Julian Bond (born 1940) was a civil rights leader who was elected to the Georgia House of Representatives in 1965. Denied his seat because of his endorsement of an anti-Vietnam War statement, he was seated by the Supreme Court in the Georgia House one year after his election.
Horace Julian Bond, born on January 14, 1940, in Nashville, Tennessee, was the descendant of several generations of black educators and preachers. His father, Horace Mann Bond, was president of Fort Valley State College. When Bond's father was appointed to be the president of Lincoln University in Oxford, Pennsylvania, the family moved into an environment which was predominantly white. Bond's father caused quite a ferment at the university and in the surrounding community because of his protests against segregated facilities and white attitudes of racial superiority.
Young Julian, however, adjusted relatively easily to his new environment, attending elementary school with white children and winning the sixth grade award for being the brightest student in the class. He was sent to George School, a Quaker preparatory institution near Philadelphia, for his high school education. He encountered a few instances of racial prejudice during these years, but on the whole seemed to adjust well to the academic environment—although his grades were only average.
After deciding to attend Morehouse College in Atlanta, Georgia, for his higher education, Bond was somewhat fearful about moving there because of the stories of racial violence he had heard. He began college in 1957 when the civil rights struggle was gaining momentum following the Supreme Court's 1954 school desegregation decision and the 1956 Montgomery, Alabama, bus boycott led by Martin Luther King, Jr. In February 1960 four freshmen from North Carolina Agriculture and Technical College staged a sit-in at Woolworth's white-only lunch counter in Greensboro, North Carolina, in order to force its desegregation. The daring action of these students captured the attention and imagination of black—and some white—students throughout the country.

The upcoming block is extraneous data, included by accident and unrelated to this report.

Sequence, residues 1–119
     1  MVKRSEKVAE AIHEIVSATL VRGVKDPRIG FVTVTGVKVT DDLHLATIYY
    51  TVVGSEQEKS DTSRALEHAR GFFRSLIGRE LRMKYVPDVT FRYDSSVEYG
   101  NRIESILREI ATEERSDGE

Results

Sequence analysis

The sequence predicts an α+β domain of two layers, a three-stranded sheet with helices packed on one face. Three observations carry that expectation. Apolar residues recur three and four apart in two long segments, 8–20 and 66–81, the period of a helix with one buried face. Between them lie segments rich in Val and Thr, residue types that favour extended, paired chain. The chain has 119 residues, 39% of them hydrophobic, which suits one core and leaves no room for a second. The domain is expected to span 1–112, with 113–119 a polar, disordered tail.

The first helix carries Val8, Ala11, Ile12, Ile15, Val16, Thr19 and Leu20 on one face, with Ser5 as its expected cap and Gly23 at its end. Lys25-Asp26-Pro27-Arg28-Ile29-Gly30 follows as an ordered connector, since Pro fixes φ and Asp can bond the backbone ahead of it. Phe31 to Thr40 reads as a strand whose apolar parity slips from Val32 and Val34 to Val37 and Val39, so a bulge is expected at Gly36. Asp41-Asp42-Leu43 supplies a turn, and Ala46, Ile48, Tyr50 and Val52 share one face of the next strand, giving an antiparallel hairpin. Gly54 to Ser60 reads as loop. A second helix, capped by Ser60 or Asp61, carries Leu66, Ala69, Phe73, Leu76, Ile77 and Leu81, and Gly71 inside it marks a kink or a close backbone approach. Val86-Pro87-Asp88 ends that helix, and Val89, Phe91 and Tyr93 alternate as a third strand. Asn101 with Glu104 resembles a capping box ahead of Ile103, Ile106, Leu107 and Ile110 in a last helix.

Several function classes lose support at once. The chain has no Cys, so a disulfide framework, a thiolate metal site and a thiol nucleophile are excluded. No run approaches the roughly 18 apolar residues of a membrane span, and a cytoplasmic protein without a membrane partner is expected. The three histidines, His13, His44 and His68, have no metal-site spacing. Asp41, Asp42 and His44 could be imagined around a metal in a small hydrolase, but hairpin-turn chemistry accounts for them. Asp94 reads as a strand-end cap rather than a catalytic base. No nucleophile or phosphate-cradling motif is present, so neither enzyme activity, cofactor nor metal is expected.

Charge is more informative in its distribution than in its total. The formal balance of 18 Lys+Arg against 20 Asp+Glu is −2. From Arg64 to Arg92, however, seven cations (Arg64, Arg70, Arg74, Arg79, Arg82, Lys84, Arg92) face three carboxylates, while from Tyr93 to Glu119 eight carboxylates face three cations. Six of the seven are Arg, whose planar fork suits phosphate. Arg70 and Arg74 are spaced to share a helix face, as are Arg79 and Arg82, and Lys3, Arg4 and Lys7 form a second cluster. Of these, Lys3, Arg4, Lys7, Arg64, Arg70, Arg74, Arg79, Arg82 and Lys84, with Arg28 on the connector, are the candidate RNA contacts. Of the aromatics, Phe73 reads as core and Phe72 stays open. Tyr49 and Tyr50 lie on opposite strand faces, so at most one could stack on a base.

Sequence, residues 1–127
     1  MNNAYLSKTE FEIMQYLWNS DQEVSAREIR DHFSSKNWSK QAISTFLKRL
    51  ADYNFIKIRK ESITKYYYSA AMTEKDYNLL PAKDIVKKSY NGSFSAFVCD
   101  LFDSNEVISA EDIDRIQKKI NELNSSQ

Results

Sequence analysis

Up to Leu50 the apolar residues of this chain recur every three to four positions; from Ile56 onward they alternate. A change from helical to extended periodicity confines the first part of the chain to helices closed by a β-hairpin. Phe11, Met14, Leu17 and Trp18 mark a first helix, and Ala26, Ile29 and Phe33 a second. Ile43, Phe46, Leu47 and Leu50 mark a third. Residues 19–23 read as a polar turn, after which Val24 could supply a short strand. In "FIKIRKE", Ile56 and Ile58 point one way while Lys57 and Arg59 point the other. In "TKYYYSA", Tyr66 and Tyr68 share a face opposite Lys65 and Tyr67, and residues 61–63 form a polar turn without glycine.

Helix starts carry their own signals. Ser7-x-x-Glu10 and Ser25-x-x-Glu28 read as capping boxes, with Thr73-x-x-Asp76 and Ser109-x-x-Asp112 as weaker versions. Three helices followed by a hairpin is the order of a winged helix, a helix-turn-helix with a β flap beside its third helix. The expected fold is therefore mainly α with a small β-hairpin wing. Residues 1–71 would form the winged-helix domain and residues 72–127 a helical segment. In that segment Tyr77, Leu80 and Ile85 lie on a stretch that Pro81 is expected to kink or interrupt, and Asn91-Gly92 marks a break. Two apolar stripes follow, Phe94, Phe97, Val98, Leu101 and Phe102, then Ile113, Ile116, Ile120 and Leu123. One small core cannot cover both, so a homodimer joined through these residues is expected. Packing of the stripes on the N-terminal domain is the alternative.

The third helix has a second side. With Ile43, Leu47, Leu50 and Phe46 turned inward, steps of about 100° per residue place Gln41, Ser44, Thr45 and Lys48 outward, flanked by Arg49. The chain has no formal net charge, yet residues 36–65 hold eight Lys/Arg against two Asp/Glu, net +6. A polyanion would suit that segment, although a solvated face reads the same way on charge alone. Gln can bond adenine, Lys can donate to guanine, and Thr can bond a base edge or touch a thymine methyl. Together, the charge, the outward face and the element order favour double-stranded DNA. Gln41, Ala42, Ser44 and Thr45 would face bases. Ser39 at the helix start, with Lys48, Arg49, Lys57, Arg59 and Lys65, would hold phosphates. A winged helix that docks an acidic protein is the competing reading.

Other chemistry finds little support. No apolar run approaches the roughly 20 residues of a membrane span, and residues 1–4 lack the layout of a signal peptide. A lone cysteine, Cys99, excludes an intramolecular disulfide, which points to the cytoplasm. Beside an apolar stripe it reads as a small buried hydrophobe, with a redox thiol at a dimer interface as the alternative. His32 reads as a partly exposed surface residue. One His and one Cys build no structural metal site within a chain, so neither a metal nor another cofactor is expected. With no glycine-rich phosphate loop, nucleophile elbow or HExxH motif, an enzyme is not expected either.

Bond was swept into the incipient civil rights movement at Morehouse more as a coordinator and a spokesman than as a participant in the demonstrations and sit-ins. Bond was one of the founders of the organization directing the Atlanta student movement, which was called the Committee on Appeal for Human Rights. Because the students were so eager to be part of the civil rights movement, Ella Baker, secretary of the civil rights organization known as the Southern Christian Leadership Conference (SCLC) suggested that interested students meet in 1960 at Shaw University in Raleigh, North Carolina, to coordinate their efforts. King, who was president of the SCLC; and James Lawson, Jr., a clergyman and an exponent of nonviolent resistance, spoke to the students, inviting them to become part of an existing civil rights organization. Several hundred students, Bond among them, finally decided that they would form their own organization, which they named the Student Nonviolent Coordinating Committee (SNCC).
Because of the abilities he had demonstrated working on student newspapers such as the Atlanta Inquirer, Bond was appointed communications director for SNCC, a position he held from 1960 until 1966. He became so active in the movement during these years that he dropped out of college and dedicated his time to articulating SNCC's goals in press releases, feature stories, and fliers. He did not complete his degree at Morehouse until 1971.
Southern segregation meant that black faces were virtually nonexistent in public office, as policemen or firemen, on school boards, on juries, or in bar associations. Few blacks could pass the rigorous voting rights tests or pay poll taxes. As hundreds of Georgia blacks became eligible to vote because of the efforts of civil rights activists, SNCC workers felt that it was important that black candidates seek elective offices. When they sought a candidate for a seat in the Georgia House of Representatives in 1965, the SNCC workers encouraged Bond to run. The Bond name was well known; Bond was articulate and physically attractive; and the workers felt that he would be able to capture the votes needed for victory.